Southern Baptist pastors in the area hurried to check on their church members, and disaster relief volunteers were in position to respond.
"Pray that our churches come together to use this time to be the church to the people in our communities that are in need," Freeman Field of the Metropolitan New York Baptist Association told Baptist Press.
More than 7.5 million customers were without electricity in 15 states and the District of Columbia Oct. 30, neighborhood streets looked like rivers and homes washed off their foundations and onto a New Jersey highway, CNN.com reported.
In New York, floodwater inundated the city's subway tunnels, causing the most devastation in the subway system's 108-year history. More than 80 homes in Queens were destroyed by a fire that was battled by 200 firefighters, CNN said, and at a New York University hospital, 260 patients -- including newborns in intensive care -- were evacuated after a power outage.
"We're talking months to recover from this," New Jersey Gov. Chris Christie said.
Strong winds from the superstorm blew from Georgia to Canada and as far west as Lake Michigan Tuesday, CNN said, and heavy rains covered New England and parts of the Midwest. In West Virginia, the storm dumped three feet of wet snow.
NEW YORK CITY
Graffiti Church on the Lower East Side of Manhattan was the only Southern Baptist church in New York City to receive damage from the storm as of Tuesday afternoon.
Field, whose father Taylor Field is Graffiti's pastor, said the church lost power, "sustained minimal flooding" and was assessing damage to its facilities.
"Our association building on 72nd Street and Broadway did not sustain any damage, and the people and teams that were staying here are all safe and sound," Freeman Field reported.
"... We are still hearing from our pastors about needs.... We know of two families specifically who had their apartments flooded out -- one in Brooklyn from Park Slope Community Church, the other in Jersey City from Gallery Church," Field wrote to Baptist Press in an email.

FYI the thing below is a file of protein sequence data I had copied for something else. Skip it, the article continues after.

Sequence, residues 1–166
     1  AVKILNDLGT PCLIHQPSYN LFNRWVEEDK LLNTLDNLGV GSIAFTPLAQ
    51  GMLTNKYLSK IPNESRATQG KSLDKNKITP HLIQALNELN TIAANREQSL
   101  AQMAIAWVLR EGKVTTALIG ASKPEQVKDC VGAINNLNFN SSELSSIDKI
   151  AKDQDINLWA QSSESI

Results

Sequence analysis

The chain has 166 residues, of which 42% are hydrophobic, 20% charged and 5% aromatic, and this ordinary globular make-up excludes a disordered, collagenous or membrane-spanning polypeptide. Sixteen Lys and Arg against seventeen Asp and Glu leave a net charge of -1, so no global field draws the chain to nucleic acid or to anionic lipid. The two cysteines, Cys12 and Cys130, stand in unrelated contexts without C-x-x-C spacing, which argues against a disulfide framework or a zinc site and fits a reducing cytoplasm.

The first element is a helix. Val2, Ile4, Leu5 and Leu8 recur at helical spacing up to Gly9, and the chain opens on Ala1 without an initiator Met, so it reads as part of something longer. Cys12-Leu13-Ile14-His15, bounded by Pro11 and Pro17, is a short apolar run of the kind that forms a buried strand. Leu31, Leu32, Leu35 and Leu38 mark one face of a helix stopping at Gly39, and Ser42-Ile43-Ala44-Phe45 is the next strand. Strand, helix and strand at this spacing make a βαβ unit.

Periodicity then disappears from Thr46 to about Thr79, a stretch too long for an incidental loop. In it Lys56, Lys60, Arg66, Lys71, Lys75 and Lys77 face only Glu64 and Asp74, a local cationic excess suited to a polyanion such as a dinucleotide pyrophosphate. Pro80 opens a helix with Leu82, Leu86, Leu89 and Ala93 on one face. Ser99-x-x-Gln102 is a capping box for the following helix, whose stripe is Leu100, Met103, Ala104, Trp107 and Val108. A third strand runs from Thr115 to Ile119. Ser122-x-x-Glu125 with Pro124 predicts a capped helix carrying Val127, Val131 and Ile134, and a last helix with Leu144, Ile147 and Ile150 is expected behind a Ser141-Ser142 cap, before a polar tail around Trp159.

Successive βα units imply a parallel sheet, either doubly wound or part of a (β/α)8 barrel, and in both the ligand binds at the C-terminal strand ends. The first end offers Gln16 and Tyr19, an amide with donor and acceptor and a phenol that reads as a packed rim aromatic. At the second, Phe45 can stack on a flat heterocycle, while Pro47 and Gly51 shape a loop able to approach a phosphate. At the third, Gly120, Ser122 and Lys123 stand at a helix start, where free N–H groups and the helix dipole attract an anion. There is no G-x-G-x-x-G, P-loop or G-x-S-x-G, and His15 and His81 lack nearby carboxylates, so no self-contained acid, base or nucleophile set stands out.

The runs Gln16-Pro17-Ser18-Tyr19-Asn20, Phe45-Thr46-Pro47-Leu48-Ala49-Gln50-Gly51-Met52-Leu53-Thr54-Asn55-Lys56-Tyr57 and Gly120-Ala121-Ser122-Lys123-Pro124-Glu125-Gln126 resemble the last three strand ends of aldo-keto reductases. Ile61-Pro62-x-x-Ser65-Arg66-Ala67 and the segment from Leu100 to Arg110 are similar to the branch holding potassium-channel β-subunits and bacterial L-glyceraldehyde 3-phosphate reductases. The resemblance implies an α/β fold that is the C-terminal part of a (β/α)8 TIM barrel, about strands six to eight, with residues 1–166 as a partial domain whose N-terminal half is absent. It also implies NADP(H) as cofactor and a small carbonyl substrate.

He asked for prayer for those who are stranded by the shutdown of the metropolitan area's three main airports and by the problems plaguing the transit system.
"New York is an amazing opportunity to share the Gospel with others in this time of need, so please pray that God is glorified through churches serving each other and serving their neighbors," Field wrote.
George Russ, executive director of the Metropolitan New York Baptist Association, was in Florida visiting his mother and was scheduled to return to New York around the time the storm hit. He couldn't change his flight, so he remained in Florida Tuesday, hoping to return the next day if the airports opened.
Russ, who lives on Long Island, reported that his family was safe and that they communicated via text messages during the storm. He texted all of the pastors whose cell phone numbers he had and heard back from a lot of them, he said. Russ marveled at the devastation in the city he serves.
"It's remarkable to see cars underwater in southern Manhattan," he said, adding a request for prayer.
"Pray for our pastors as they try to get in touch with all of their people. Not everybody has cell phones or email, so it's a little more of a challenge for them to stay in touch with everyone," Russ said.
"We're grateful for all the prayers. Southern Baptist Disaster Relief has called already. We're thankful for all the concern that people have shown."
Freddy T. Wyatt, pastor of Gallery Church in Manhattan, kept friends updated on Facebook as the storm passed over the city. His family sought shelter in a hallway on the 14th floor of their apartment building.
"The flooding has already begun and seems significant," Wyatt wrote Monday night. "Dozens of cars on our street are completely under water."
An hour later Wyatt lost power, but the family made it through the night safely.
Nathan Tubbs, pastor of Cornerstone Church in Brooklyn, told Baptist Press Tuesday morning the devastation is an opportunity for Southern Baptists throughout the country to refocus their attention on New York.